Anyone on the Left who thinks it might be “instructive” for Labour under Tony Blair to suffer a reduced majority and who fancies some protest voting (or, indeed, protest abstaining) needs to reflect on Michael Howard’s re-launch of the Conservative election campaign yesterday. Howard, the Jewish son of Romanian refugees from the Nazis, wants to make increased restrictions on both asylum and economic immigration to the UK the central part of his appeal to voters. He made no substantive case for the benefits of the proposals, falling back instead on that Alf Garnett favourite “common sense” to justify his party’s policies.

Anyone on the Left who wants to argue that Labour immigration policy is no better than that of the Conservatives is choosing to listen to this government’s (unpleasant) rhetoric rather than examine the more reassuring facts. Once again The Economist puts it well:

[A]long with more tough language about asylum seekers[,] in some ways, Labour’s proposals consolidated its liberal immigration policy.

This is in curious contrast with the Lib Dems who, perhaps more interested in getting the Guardian vote out, invert this approach:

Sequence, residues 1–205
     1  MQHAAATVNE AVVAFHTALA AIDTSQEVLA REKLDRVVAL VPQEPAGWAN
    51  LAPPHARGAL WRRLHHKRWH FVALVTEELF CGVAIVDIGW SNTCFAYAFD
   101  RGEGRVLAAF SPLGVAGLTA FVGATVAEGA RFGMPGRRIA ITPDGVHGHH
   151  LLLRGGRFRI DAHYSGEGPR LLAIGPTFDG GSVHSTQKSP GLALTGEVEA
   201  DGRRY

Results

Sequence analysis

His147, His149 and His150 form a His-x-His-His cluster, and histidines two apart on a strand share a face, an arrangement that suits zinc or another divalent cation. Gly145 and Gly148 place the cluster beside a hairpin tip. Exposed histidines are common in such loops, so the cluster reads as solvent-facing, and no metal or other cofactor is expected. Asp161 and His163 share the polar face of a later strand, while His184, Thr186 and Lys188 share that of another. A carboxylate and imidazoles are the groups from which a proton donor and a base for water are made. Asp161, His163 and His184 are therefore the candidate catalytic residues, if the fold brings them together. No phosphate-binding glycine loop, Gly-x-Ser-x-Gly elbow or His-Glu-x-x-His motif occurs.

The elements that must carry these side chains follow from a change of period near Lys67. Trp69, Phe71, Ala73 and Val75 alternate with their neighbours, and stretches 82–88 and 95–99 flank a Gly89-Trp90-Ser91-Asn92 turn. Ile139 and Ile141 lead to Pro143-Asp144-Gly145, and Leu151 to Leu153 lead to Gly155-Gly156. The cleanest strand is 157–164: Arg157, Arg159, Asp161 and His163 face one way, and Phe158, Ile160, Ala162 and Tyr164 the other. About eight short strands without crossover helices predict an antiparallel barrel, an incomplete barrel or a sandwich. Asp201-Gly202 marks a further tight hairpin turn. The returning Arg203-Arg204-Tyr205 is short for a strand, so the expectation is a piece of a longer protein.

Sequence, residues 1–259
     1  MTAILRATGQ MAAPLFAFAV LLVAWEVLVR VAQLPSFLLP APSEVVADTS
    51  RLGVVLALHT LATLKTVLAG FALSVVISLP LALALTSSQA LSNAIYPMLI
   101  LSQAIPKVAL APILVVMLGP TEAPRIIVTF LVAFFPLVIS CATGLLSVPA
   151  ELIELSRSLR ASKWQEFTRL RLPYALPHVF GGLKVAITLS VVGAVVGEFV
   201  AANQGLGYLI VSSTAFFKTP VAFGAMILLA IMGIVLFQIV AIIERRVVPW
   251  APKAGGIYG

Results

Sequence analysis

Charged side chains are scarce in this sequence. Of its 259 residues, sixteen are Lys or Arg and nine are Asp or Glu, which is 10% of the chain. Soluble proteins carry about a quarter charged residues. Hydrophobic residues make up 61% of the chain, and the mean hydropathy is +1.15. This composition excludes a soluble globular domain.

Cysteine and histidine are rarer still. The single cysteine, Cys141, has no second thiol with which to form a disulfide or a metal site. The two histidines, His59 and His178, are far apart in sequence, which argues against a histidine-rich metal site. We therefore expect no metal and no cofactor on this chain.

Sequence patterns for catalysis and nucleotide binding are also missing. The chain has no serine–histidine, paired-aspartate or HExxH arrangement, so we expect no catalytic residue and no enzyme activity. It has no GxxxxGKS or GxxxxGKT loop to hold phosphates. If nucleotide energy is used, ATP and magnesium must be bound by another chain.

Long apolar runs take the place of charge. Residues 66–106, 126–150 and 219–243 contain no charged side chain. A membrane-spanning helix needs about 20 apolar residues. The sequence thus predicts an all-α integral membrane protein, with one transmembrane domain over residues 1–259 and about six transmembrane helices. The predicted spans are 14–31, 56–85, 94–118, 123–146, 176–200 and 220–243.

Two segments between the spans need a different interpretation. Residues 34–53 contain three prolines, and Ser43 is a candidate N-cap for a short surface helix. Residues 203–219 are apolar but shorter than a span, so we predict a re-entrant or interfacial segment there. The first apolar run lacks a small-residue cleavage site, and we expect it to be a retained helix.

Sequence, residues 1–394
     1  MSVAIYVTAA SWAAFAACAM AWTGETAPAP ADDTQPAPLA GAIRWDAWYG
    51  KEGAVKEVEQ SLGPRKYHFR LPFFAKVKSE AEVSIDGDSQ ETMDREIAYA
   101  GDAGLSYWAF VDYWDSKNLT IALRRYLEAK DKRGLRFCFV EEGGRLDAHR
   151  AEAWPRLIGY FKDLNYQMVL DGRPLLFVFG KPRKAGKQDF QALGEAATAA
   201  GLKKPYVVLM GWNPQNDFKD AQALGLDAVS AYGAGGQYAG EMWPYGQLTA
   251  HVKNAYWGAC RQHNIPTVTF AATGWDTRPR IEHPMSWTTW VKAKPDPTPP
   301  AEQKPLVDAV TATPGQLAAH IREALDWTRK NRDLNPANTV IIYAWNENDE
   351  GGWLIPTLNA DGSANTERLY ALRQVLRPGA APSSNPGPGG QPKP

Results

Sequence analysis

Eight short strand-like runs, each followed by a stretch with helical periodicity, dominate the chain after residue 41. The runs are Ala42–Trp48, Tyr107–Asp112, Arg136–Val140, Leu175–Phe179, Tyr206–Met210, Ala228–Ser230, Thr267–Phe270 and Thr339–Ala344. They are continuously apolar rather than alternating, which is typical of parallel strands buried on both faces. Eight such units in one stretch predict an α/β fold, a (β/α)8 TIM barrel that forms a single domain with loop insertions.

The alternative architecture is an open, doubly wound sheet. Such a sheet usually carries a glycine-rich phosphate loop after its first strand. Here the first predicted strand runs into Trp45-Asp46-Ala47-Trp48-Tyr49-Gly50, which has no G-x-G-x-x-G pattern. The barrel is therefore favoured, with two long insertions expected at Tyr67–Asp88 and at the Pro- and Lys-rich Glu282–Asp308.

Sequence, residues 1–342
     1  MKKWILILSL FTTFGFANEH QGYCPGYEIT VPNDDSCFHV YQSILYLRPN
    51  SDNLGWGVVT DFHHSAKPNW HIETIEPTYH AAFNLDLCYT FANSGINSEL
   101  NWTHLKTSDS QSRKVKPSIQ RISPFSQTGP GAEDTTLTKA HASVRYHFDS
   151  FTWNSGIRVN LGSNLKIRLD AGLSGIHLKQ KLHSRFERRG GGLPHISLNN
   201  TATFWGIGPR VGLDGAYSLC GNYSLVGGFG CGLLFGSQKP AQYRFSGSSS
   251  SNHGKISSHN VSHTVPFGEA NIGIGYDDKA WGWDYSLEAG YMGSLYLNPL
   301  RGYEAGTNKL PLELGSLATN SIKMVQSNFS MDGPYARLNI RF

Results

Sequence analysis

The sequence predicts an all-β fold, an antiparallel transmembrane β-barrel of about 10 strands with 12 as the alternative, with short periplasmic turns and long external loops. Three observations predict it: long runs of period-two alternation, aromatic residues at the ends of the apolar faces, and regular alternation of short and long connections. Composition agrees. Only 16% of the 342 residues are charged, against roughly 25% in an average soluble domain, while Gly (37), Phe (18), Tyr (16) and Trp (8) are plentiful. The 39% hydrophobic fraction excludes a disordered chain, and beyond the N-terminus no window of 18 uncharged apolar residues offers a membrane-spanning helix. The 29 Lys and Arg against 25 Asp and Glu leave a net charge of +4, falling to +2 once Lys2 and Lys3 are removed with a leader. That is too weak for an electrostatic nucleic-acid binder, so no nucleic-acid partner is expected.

The Liberal Democrats stayed out of the fray, loftily declaring that politicians should not engage in a “bidding war” over immigration. Yet they, like the Conservatives, want an annual immigration quota.

Tory policy on immigration has nothing to do with the real numbers of new arrivals into this country—“low to medium” by World standards, according to the The Economist. It has nothing to do with the economic impact of immigration on the UK—almost certainly it is of net benefit to an ageing UK population with low unemployment in need of hardworking, skilled, and genuinely entrepreneurial citizens. Howard is also noticeably quiet about one of the largest groups of illegal immigrants currently taking advantage of the UK’s rightly admired generosity to visitors—Australians, New Zealanders and others of the pasty-faced colonial persuasion.

No, it’s not about any of these things. It’s about good, old-fashioned, vote-winning xenophobia. It is illiberal. It is economically illiterate. It is illogical. It is as despicable as it is desperate. Any Left liberal at this election who, even by default, acts in a way that gives any more power to Howard than he has already because they are still in the spasms of some hissy fit over Iraq should be ashamed.

Of course, there could be some people reading this who actively want to support Howard’s stance. A friend sent me an email on Saturday that reminded me of a story about Tony Blair during the ultimately victorious 1997 Labour General Election campaign. (Remember, this is when people were still referring to him as “Bambi”.) Perhaps in a bit of a panic about polling figures, the Tories had decided to play the race card as a last gasp measure. One of his aides asked Blair what he was going to do about it. He is supposed to have said

Nothing. If that’s the kind of government the voters want, then fuck ’em.

So, if Howard’s is the sort of government you want, then fuck you too.